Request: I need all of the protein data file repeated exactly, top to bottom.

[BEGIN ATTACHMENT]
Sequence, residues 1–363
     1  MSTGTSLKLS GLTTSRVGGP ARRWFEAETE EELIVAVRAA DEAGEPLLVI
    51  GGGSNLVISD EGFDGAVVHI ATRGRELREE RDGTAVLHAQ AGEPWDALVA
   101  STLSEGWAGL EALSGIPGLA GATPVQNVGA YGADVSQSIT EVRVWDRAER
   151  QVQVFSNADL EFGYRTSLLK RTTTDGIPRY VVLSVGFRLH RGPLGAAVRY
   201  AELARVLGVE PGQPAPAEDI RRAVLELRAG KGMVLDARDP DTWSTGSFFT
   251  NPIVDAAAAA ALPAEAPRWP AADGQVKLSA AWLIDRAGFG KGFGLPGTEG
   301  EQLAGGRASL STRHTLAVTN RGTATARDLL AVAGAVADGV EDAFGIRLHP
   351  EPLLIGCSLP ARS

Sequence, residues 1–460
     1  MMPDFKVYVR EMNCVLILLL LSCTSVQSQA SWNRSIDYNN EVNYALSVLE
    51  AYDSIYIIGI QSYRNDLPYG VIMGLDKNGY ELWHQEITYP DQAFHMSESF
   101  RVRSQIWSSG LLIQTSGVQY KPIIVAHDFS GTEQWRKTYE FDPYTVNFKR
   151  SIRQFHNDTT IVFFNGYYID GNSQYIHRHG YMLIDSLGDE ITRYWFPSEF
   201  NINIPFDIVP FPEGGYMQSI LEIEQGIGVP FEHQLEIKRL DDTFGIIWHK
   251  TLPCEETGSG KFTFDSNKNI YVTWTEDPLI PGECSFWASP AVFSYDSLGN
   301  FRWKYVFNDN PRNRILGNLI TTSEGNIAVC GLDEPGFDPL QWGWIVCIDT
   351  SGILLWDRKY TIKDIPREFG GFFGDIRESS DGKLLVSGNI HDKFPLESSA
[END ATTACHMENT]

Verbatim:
Sequence, residues 1–363
     1  MSTGTSLKLS GLTTSRVGGP ARRWFEAETE EELIVAVRAA DEAGEPLLVI
    51  GGGSNLVISD EGFDGAVVHI ATRGRELREE RDGTAVLHAQ AGEPWDALVA
   101  STLSEGWAGL EALSGIPGLA GATPVQNVGA YGADVSQSIT EVRVWDRAER
   151  QVQVFSNADL EFGYRTSLLK RTTTDGIPRY VVLSVGFRLH RGPLGAAVRY
   201  AELARVLGVE PGQPAPAEDI RRAVLELRAG KGMVLDARDP DTWSTGSFFT
   251  NPIVDAAAAA ALPAEAPRWP AADGQVKLSA AWLIDRAGFG KGFGLPGTEG
   301  EQLAGGRASL STRHTLAVTN RGTATARDLL AVAGAVADGV EDAFGIRLHP
   351  EPLLIGCSLP ARS

Sequence, residues 1–460
     1  MMPDFKVYVR EMNCVLILLL LSCTSVQSQA SWNRSIDYNN EVNYALSVLE
    51  AYDSIYIIGI QSYRNDLPYG VIMGLDKNGY ELWHQEITYP DQAFHMSESF
   101  RVRSQIWSSG LLIQTSGVQY KPIIVAHDFS GTEQWRKTYE FDPYTVNFKR
   151  SIRQFHNDTT IVFFNGYYID GNSQYIHRHG YMLIDSLGDE ITRYWFPSEF
   201  NINIPFDIVP FPEGGYMQSI LEIEQGIGVP FEHQLEIKRL DDTFGIIWHK
   251  TLPCEETGSG KFTFDSNKNI YVTWTEDPLI PGECSFWASP AVFSYDSLGN
   301  FRWKYVFNDN PRNRILGNLI TTSEGNIAVC GLDEPGFDPL QWGWIVCIDT
   351  SGILLWDRKY TIKDIPREFG GFFGDIRESS DGKLLVSGNI HDKFPLESSA